Monday, 6 January 2020

What's wrong with American imperialism?


If memory serves, the Iraq war was, politically, much like Brexit. Though there was vocal public opposition, you could find national polls in favour of the invasion. I was among them. I wasn't taken in by the WMD's baloney, but I did believe Iraq could be liberated and turned into a halfway functioning democracy. I also thought we should show unequivocal solidarity with the USA. Though the link to 9/11 was tenuous, the USA was on a philosophical crusade whose aims (the export of democracy) I supported.

I thought it could be done and had a few variables been different, it might well have succeeded. What we saw, though, was military incompetence on the back of a number of flawed assumptions. By the time we had a handle on the politics of the situation it was already too late. That said, what stands in Iraq now is based on the constitution they voted for and have since developed. The jury, for me at least, is still out.

In respect of what happened next, ISIS and all that, I do not blame the West as is fashionable to do. Iran has played a role, as did Syria, and a wider regional war was always an inevitability. These despotic regimes were bound to fail eventually. One could even argue that the presence of US forces ensured that Iraq's war of reckoning resulted in far fewer deaths than have occurred in Syria, which is still an ongoing conflict.

I'm also of the view that the West can't win whatever it does. The same people slamming the West for the state Libya is now in would have been viscerally critical of the west had they allowed Gaddafi to slaughter Libyans as per his stated intent. We'd have been accused of propping up an evil regime. From the same crowd it's always "American imperialism", but then when America chooses not to act it's "American isolationism".

As it happens, the initial operation was a success by any military metric with minimal loss of life, only there was no appetite for committing ground troops precisely because of the mess we made of Iraq. Only we left a power vacuum and the international response has been piecemeal and inadequate. The consequences are still felt a decade later with Libya essentially in a state of anarchy and haven for terrorists and people smugglers.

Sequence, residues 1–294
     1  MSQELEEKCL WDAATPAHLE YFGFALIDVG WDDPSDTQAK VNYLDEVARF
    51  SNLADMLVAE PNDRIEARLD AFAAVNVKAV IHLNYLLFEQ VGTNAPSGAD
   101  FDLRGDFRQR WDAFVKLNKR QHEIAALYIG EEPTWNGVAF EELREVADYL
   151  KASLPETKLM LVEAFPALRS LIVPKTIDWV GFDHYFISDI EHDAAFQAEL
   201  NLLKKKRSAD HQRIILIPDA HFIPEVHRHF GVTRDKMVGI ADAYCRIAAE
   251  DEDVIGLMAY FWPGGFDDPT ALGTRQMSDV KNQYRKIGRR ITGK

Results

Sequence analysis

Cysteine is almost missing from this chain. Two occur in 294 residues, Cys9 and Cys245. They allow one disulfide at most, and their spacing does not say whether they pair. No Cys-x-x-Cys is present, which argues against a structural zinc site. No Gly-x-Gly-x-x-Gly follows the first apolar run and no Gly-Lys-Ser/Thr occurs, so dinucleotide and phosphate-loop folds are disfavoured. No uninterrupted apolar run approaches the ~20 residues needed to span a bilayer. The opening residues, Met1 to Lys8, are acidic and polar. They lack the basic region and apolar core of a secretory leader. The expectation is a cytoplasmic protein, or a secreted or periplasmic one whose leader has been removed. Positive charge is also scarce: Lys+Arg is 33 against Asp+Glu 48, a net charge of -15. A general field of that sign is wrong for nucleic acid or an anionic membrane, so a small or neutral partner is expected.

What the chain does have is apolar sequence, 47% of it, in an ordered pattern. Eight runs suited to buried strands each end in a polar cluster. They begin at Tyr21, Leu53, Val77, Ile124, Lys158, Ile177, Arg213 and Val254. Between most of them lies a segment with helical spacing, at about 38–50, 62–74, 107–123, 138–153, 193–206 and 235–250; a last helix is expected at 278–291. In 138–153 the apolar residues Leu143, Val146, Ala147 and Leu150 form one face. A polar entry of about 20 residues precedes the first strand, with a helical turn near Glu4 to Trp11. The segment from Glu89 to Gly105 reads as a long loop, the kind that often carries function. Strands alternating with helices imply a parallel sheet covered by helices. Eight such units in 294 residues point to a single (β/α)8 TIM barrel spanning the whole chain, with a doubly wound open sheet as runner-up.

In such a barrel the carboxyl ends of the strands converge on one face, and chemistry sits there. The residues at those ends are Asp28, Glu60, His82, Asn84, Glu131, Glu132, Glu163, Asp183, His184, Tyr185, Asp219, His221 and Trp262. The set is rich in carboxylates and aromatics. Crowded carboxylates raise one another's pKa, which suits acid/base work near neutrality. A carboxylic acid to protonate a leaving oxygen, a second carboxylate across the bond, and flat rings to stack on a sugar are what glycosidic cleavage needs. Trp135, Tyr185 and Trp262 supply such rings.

The basic problem, however, is that whatever we do, we face forces at home and abroad who do not want us to succeed while we are forced to choose regional allies out of expedience when there are none who could be said to be good actors. It seems all we can do is limp from one mess to the next at enormous expense. The temptation to do nothing at all is great, but that too has consequences. Decision making in that domain is an unenviable task.

As regards to the big picture, I still broadly support the USA. After all the USA was instrumental in the creation of the global rules based order, which has since been used to undermine US aims, and has become mired in corruption, but ultimately the USA is founded on an idea of human freedoms it continues to promote internationally and will commit its military to those ends (unlike say, the mealy mouthed EU that will sit on its hands in all eventualities chiefly because there is no unity of purpose and no common values beyond the platitudes they spout).

Though international politics is riddled with hypocrisy, the USA is still beacon of freedom, and despite its flaws, is still the global defender of liberal values. The world is generally better when the US wins and the despots lie face down, dead in a sewer. For all that there are those ever ready to condemn Trump, the landscape we see now is one fashioned by Obama who made his own miscalculations in the naive belief that a softer approach would yield greater cooperation from America's enemies.

The liberal globalist consensus believed that treating China as a market economy, showing them love would see China opening up and liberalising. Instead that weakness was exploited. That same strategic naivety was applied to Iran and Iran has clearly done the same. These are not nice people we are dealing with and they're not looking to do us any favours. They are behind efforts to destabilise Iraq, Lebanon and elsewhere, and their intent is, unlike the US, wholly malevolent. I'm not going to lose any sleep if America does what it feels it has to.

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